Subic Bay management for its part said that they would also conduct a separate investigation on the case. By Anthony Bayarong, Manila Times

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Subic hosts ICT convention

The Subic Bay Freeport, identified recently as one the most viable information technology hubs in the country outside Metro Manila, is hosting starting today (Nov. 27) a two-day convention on information and communications technology (ICT) to help consolidate stakeholders in the booming industry.

The event, which includes a trade exhibition that will run until Nov. 30, was organized by the Subic Bay Metropolitan Authority (SBMA) in close collaboration with the Subic Bay Freeport Chamber of Commerce and Industry (SBCCI).

The convention and exhibit will be held at the Subic Bay Exhibition and Convention Center (SBECC) under the theme "E-nnovative Governance: the SubIcTech Formula."

Plenary speakers include Oscar Saez, president of the Business Processing Association of the Philippines (BPAP); Monchito Ibrahim, commissioner of the Cyber Services Group, Commission on Information & Communications Technology (CICT); and Ma. Lourdes Mediran, deputy executive director of the Center for International Trade Expositions and Missions (CITEM).

Guest speakers, meanwhile, include Sen. Richard Gordon, Assistant Secretary Reynaldo Berroya of the Department of Transportation and Communications, and Buhay Partylist Rep. Ma. Carissa Coscolluela, who chairs the Bataan-Olongapo- Zambales Educational Development Organization's Information Technology Council.

SBMA Administrator Armand Arreza said that the convention and exhibit is expected to attract experts, industry leaders, and key decision-makers in the ICT sector.

"With this event, we aim to consolidate stakeholders in the ICT industry, so that the country, including Subic, can really take off as a world-class provider of ICT services," Arreza said. "This is a booming industry, and we must have the necessary facilities to grab a big chunk of the growing market," he added.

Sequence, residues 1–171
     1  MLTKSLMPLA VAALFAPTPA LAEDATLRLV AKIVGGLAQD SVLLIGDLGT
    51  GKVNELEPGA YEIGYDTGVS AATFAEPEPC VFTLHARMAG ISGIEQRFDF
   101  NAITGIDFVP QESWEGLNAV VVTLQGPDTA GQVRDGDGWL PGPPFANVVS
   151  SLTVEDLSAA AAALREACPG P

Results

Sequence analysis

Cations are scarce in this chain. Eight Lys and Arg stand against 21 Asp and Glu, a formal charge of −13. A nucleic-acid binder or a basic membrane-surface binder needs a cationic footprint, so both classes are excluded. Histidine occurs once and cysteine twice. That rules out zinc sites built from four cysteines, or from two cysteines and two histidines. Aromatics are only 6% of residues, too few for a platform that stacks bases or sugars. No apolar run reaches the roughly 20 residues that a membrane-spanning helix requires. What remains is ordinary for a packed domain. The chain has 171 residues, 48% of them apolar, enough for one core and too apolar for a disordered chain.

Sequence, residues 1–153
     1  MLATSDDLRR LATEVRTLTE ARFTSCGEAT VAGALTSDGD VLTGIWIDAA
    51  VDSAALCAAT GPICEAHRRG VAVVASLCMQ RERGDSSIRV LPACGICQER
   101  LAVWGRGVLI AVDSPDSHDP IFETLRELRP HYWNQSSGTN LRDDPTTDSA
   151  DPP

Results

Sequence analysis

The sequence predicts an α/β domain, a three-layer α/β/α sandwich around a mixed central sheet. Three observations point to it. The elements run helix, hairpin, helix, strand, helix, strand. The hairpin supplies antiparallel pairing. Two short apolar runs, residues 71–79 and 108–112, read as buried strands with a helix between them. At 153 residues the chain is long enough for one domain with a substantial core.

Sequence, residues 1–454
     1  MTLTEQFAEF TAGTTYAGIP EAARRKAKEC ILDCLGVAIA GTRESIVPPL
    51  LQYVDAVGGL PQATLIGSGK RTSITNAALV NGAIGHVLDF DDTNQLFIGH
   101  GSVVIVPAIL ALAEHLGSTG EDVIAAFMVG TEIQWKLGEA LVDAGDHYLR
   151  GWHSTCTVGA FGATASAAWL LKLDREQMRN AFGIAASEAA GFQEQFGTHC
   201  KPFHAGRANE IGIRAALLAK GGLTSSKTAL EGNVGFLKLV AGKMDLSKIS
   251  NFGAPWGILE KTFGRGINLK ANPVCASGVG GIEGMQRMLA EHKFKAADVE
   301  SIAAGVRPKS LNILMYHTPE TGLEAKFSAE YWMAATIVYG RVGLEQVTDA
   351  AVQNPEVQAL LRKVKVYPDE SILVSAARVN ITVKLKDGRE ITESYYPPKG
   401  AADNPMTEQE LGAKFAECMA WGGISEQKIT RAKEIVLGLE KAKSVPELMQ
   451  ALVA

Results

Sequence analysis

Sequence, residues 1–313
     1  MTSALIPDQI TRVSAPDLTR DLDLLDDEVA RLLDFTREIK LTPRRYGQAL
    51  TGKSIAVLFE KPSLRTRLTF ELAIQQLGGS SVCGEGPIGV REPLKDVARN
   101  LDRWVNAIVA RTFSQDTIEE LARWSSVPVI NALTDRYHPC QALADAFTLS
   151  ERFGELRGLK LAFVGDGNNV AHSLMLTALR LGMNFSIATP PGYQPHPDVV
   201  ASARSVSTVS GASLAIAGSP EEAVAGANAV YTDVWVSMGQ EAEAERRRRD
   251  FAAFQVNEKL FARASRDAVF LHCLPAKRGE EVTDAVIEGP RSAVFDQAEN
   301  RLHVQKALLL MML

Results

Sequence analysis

Arreza said the ICT industry, considered as one sector with some of the most high-paying jobs in the country at present, experienced a growth rate of 70 percent from 2000 to 2005.

In 2005, he added, the Philippines was considered a location of choice because of relatively less expensive operational and labor costs, making it one of the top 10 BPO destinations worldwide.

The potentials of the industry include Business Process Outsourcing (BPO), Knowledge Process Outsourcing (KPO), and other creative E-services like software and hardware development, wireless application, digital animation and games, Arreza added.

He also said that the new ICT trends, like E-commerce the groundbreaking way of doing business through the Internet, and using telecommunications and computing tools for marketing and business exchange is currently revolutionizing ways on how business and governance should be done.

As for the Subic Bay Freeport, Arreza said the SBMA recently upgraded ICT facilities here to meet emerging demands in the industry.

"Subic is now ready with the required infrastructures, as well as a talent pool, to be a major player in the ICT business," Arreza said. Asia Pulse Data Source via COMTEX

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Kapihan Sen. Gordon Interview

On India and Thailand incidents

Q: Do you think what happened in India and Thailand can also happen here?

Gordon: Yes. In fact, the Thais are merely taking a cue from us from EDSA 1 and 2. But they're more aggressive, they have taken over the airports, that's very serious. And the army is still not doing anything about it. I hope that for the sake of Thailand, I really don't want a situation where the army always comes in and interferes in political action like this. It's a very bad precedent.

Q: What could possibly trigger that? Could it be Cha-cha?